Jordan Wiens has always wanted to fly around the world -- business class. His wife is on board for the adventure but would rather save 200,000 frequent flyer miles by flying coach.
But after Jordan Wiens won 1.25 million frequent flyer miles with United Airlines, the couple can probably treat themselves to a little more legroom.
"That’d be a once in a lifetime opportunity," said Wiens, a software vulnerability researcher, in a Friday interview.
Wiens was one of two hackers United recently rewarded with a million free miles of air travel for discovering and alerting the company to software defects through the airlines "bug bounty" program. With a million miles, they could fly from the continental United States to Europe 33 times.
Wiens said he won another quarter-million miles this week for reporting another defect. That means he could fly to Europe another eight times.
"Bug bounty" programs have become increasing popular with technology companies. Facebook, Twitter and Dropbox offer hundreds of dollars to hackers who alert them to security problems on their site. Now security experts say as the risks of cyber breaches grows, the practice is spreading outside the tech field.
"As things get increasingly automated all around us, software is all around us and software bugs are all around us," Harlan Yu, a principal at technology firm Upturn, said in a recent interview.
United, the second-largest airline in the United States, began the program just weeks before software glitches grounded the airline's fleet twice. On June 2, 150 United flights were delayed for nearly an hour because of a problem with the airline's flight dispatching system. On July 8, United's reservation system malfunctioned for two hours and did not allow passengers to check in for their flights.
Wiens said the first problem he discovered, the one that got him a million frequent flyer miles, was a "remote code execution," the kind of hack that allows a user to seize control of an entire device. The second was an "information disclosure," or a data leak. Contest rules bar him from talking publicly about his specific discoveries, Wiens said.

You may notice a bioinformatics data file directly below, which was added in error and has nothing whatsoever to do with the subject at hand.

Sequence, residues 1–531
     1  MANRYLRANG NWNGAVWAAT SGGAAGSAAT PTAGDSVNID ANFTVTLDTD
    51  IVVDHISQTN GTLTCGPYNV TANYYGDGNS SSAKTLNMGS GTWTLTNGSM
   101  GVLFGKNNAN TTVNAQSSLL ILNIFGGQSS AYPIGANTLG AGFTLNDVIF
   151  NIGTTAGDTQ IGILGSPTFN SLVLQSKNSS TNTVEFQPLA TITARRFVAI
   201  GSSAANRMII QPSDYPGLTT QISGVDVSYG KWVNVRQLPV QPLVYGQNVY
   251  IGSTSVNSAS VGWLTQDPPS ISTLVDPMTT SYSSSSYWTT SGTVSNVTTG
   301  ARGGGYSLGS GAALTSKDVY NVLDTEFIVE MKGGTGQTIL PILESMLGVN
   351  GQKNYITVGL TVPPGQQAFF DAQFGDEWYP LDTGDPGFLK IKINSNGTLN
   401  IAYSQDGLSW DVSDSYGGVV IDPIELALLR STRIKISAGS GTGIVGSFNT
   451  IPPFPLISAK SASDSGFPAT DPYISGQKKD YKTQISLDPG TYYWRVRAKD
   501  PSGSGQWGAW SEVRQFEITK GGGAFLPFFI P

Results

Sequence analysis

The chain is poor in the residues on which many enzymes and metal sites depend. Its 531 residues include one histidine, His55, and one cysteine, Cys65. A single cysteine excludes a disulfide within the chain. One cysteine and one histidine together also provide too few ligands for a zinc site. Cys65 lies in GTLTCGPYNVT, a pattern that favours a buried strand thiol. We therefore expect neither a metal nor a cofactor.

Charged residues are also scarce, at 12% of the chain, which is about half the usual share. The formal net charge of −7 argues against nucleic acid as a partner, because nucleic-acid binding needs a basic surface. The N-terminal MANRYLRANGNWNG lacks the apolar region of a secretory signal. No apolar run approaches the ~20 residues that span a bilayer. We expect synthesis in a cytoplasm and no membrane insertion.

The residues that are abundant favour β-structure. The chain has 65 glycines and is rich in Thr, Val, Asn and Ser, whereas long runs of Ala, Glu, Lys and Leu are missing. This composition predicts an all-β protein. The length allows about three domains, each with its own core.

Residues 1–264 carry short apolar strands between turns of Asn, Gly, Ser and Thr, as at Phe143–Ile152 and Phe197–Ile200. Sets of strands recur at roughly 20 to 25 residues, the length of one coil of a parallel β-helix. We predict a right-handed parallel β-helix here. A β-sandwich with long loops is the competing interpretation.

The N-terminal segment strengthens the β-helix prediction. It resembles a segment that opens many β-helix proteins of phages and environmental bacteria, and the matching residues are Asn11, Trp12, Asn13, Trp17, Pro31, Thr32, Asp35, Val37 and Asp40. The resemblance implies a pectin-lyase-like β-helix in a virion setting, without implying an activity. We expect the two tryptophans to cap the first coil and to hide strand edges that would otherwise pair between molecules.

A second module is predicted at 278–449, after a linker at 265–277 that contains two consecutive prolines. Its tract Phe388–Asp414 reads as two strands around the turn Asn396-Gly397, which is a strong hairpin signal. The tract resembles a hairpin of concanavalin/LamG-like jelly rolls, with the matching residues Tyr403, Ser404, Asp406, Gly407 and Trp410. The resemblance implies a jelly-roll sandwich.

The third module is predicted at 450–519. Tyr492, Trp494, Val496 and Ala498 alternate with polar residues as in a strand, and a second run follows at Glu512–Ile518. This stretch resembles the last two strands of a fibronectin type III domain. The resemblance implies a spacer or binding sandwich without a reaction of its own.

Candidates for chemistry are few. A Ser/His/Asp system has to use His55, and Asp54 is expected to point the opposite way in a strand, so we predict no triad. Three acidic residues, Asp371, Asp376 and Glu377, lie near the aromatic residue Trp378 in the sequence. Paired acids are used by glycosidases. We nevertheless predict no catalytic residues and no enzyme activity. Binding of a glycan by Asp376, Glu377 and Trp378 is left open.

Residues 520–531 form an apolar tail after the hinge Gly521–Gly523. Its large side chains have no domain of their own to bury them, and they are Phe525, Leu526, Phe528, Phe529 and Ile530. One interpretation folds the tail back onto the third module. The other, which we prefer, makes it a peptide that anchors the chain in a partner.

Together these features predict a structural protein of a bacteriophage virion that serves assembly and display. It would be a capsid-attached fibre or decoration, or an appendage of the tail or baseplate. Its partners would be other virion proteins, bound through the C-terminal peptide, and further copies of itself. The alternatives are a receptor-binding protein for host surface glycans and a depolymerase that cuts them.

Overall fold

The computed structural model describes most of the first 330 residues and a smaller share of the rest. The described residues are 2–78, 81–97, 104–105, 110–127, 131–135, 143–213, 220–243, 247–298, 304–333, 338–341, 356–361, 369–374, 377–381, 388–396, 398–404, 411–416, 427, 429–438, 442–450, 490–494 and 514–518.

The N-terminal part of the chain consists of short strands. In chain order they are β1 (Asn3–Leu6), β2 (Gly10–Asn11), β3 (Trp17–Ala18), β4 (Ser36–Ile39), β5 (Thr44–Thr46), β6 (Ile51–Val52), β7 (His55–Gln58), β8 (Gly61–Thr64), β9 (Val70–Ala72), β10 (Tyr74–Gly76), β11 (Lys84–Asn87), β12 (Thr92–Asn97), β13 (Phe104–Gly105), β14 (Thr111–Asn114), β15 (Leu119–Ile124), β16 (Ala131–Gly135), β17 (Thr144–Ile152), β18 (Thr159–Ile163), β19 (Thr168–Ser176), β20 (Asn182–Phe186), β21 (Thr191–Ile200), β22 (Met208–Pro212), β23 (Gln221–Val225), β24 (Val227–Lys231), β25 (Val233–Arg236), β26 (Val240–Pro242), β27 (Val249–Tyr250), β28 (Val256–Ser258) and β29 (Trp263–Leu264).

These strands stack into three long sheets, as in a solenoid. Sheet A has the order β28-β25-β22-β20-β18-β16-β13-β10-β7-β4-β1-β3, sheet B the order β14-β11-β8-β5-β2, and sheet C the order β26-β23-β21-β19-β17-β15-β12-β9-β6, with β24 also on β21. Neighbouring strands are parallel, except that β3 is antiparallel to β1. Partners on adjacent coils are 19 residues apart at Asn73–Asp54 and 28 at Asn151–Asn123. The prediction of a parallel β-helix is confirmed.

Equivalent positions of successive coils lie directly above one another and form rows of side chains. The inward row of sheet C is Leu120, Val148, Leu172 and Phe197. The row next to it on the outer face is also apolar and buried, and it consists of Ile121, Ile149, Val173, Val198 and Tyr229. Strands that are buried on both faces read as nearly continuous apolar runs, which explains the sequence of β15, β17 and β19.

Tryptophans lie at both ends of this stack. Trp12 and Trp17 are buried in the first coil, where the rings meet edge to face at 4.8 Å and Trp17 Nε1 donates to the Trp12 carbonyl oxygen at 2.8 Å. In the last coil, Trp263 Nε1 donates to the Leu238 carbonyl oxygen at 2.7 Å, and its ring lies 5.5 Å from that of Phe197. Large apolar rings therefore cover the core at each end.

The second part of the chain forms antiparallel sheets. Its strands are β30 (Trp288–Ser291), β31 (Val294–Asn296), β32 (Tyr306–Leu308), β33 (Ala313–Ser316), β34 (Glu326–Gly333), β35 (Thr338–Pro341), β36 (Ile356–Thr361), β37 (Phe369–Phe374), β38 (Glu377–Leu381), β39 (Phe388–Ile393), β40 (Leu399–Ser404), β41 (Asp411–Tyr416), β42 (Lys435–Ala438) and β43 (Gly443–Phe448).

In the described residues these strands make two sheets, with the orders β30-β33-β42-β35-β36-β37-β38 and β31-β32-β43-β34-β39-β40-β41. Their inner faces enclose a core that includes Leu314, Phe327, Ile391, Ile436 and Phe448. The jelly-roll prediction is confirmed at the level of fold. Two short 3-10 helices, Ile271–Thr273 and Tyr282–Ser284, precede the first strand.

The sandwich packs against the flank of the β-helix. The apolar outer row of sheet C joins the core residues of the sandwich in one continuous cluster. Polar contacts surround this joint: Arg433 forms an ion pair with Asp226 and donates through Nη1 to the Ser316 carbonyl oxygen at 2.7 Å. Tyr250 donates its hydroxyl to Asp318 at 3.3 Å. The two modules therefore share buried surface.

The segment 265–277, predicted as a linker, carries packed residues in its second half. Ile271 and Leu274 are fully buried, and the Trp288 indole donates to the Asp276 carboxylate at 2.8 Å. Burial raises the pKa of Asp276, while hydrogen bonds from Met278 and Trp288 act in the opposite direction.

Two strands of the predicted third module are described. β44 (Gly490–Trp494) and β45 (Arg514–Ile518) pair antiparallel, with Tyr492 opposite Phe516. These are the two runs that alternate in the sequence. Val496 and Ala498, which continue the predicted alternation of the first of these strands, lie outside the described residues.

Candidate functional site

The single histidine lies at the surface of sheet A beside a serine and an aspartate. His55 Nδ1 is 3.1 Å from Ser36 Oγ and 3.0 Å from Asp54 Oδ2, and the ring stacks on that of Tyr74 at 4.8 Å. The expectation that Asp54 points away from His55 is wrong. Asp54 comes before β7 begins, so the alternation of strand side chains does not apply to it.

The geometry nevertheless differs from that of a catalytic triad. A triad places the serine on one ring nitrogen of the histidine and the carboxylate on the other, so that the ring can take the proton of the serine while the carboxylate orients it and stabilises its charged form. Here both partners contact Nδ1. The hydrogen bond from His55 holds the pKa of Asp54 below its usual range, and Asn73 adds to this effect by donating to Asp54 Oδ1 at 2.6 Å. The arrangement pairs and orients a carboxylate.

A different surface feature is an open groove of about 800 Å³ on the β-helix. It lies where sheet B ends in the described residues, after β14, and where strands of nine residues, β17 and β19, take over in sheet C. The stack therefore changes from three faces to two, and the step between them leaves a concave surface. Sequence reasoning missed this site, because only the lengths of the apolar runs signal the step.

A United spokesman confirmed Wiens was one of the two million-mile winners, but declined to comment further.
"We are committed to protecting our customers' privacy and the personal data we receive from them," United said in a statement posted on its Web site. "We believe that this [bounty] program will further bolster our security and allow us to continue to provide excellent service."
Wiens said he never planned on entering United's contest. His day job, after all, is doing nearly the same thing as a consultant. But after a friend who entered the program called him asking for a little advice, Wiens started poking around and after three hours of leisurely searching, realized he was on to something.
By the next night, he had found a major vulnerability. Days later, United paid up.
And then paid up again.
But reporting those bugs doesn't mean United has a poor online security system, Wiens said. The fact the airline runs a contest to detect these problems means more companies are getting realistic about the advantages of crowdsourcing cybersecurity, he said.
"I don’t think United has a bad security posture," he said. "I think having a bug bounty program speaks to the maturity of their online presence."
"I hope it continues," he added. "I hope more companies get in on it."
But that's not because Wiens needs more airline miles.